compilation Archive

Album Review: Jim Basnight and The Moberlys – Seattle – New York – Los Angeles

Describing something as underrated is sometimes little more than a lazy way of approaching an artist’s work. But it can have useful meaning. In the case of The Moberlys, the group could well be described that way. But the label doesn’t quite get to the heart of the matter: how can you be underrated if

Album Review: Lennie Tristano — The Duos Sessions

Strictly speaking, jazz is uncommercial music. Not that the artists eschew the possibility of commercial success; it’s simply that jazz is a specialist genre. From the perspective of sales revenues, it’s among the least popular forms of music. Of course that has precisely nothing to do with its quality. And even within the genre, there

Album Review: Mumps — Rock & Roll This, Rock & Roll That

American pop culture consumers of a certain age (aka television viewers) will recall An American Family, a groundbreaking PBS documentary series that first aired in 1973. Setting aside the fact that the program is to blame for the subsequent rise of “reality” (sic and ugh) television, it was nonetheless important in many ways. One of

Album Review: Various Artists — Big Stir Singles: The Tenth Wave

And the hits just keep comin’, as they say. It’s too easy to label Big Stir as a power pop label. And in fact doing so is (a) too limiting and (b) unfair to the range and eclecticism that characterizes the label’s music. This ongoing (never-ending?) series of releases showcases an impressive stylistic variety. This

Album Review: Various Artists — Big Stir Singles: The Ninth Wave

Maybe it’s because I’m a writer, but when I encounter an album that includes liner notes, I tend to read before I listen. Or, at least I’ll start to read as I pop the disc into the player (or if I’m lucky, I’ll drop the needle into the groove.) And that’s the approach I took

Album Review: Jem Records Celebrates Brian Wilson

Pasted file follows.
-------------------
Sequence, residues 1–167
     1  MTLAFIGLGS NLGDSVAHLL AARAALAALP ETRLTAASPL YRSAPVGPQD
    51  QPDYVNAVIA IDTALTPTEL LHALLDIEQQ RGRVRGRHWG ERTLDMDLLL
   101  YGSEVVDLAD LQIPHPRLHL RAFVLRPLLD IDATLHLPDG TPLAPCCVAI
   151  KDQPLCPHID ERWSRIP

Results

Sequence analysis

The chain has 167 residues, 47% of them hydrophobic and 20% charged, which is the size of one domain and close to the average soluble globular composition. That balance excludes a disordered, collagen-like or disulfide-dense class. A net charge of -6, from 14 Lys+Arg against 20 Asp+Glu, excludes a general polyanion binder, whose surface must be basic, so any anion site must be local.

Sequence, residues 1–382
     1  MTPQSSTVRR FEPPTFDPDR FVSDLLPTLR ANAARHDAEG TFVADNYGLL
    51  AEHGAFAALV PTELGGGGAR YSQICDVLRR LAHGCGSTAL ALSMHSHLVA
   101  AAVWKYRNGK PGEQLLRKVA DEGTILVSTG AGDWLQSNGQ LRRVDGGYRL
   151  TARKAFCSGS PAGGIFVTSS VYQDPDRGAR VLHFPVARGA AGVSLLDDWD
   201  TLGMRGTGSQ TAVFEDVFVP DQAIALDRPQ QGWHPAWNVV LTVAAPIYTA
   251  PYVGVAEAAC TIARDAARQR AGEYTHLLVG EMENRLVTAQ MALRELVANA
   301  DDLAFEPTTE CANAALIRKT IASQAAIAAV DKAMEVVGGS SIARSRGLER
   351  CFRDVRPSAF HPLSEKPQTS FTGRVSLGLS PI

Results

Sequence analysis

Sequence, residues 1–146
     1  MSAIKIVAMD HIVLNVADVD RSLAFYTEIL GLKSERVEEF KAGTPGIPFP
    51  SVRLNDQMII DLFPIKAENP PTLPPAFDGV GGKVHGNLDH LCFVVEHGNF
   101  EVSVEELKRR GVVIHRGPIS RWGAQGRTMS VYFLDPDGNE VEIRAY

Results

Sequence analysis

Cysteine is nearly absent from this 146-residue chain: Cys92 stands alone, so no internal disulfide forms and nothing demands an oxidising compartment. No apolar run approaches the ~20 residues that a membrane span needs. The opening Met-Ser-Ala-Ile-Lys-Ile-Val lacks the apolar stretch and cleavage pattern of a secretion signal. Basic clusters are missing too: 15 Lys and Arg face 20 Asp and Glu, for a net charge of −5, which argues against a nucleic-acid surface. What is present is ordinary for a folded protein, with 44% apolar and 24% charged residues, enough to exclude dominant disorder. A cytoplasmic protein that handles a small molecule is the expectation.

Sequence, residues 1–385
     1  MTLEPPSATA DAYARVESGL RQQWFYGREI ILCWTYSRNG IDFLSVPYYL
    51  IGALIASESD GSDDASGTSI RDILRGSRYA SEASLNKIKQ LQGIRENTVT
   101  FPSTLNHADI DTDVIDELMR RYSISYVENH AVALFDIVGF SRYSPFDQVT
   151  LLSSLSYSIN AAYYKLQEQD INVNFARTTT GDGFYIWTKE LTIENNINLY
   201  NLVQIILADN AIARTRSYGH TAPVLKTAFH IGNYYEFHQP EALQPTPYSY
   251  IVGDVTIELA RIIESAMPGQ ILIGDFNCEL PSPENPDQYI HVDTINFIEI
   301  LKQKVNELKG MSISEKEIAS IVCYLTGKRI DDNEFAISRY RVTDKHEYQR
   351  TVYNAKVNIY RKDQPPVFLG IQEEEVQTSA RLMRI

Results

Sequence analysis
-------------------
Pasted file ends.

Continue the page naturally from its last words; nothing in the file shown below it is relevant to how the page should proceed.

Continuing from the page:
Here we go again. I’ve long held that various-artists tribute albums are by definition uneven. Some acts try to take the songs too far from their essence, stripping the songs of whatever made them special and noteworthy to begin with. Others are too slavish by half, effectively adding nothing to the discussion, making what amounts

Album Review: Peggy Lee — Something Wonderful

A casual listener might only be able to name “Fever” – and possibly “Is That All There Is” – but Peggy Lee scored a lengthy run of hit singles. The primary arc of her career ran from the early ‘40s (when she was the singer in Benny Goodman’s big band) through 1974, when she hit

Album Review: Jimmie Vaughan – The Pleasure’s All Mine

Among the wider population, Jimmie Vaughan is known as the older brother of Stevie Ray Vaughan, as the founding guitarist in the Fabulous Thunderbirds and for his work with that group during its most high-profile period. But blues aficionados have long appreciated the Texas-born musician for the music he has made under his own name

Album Review: Pylon — Pylon Box

With great and due respect to R.E.M. – and, to a lesser extent, the B-52’s – there was a lot more significant musical activity going on in and around Athens, Georgia in the 1980s. For those who weren’t there, a 1987 documentary film, Athens, GA: Inside/Out offered a glimpse into the college town’s musical riches.

Boxed Set Review: Iggy and the Stooges – From KO to Chaos

In music fan and critical circles, the concept of “blues police” comes up in conversation from time to time. Simply put, blues police is a pejorative term applied to self-anointed arbiters of What Is And Is Not Blues™. These auto-deputized lawgivers would have us believe that, say, Ana Popovic isn’t blues because she didn’t grow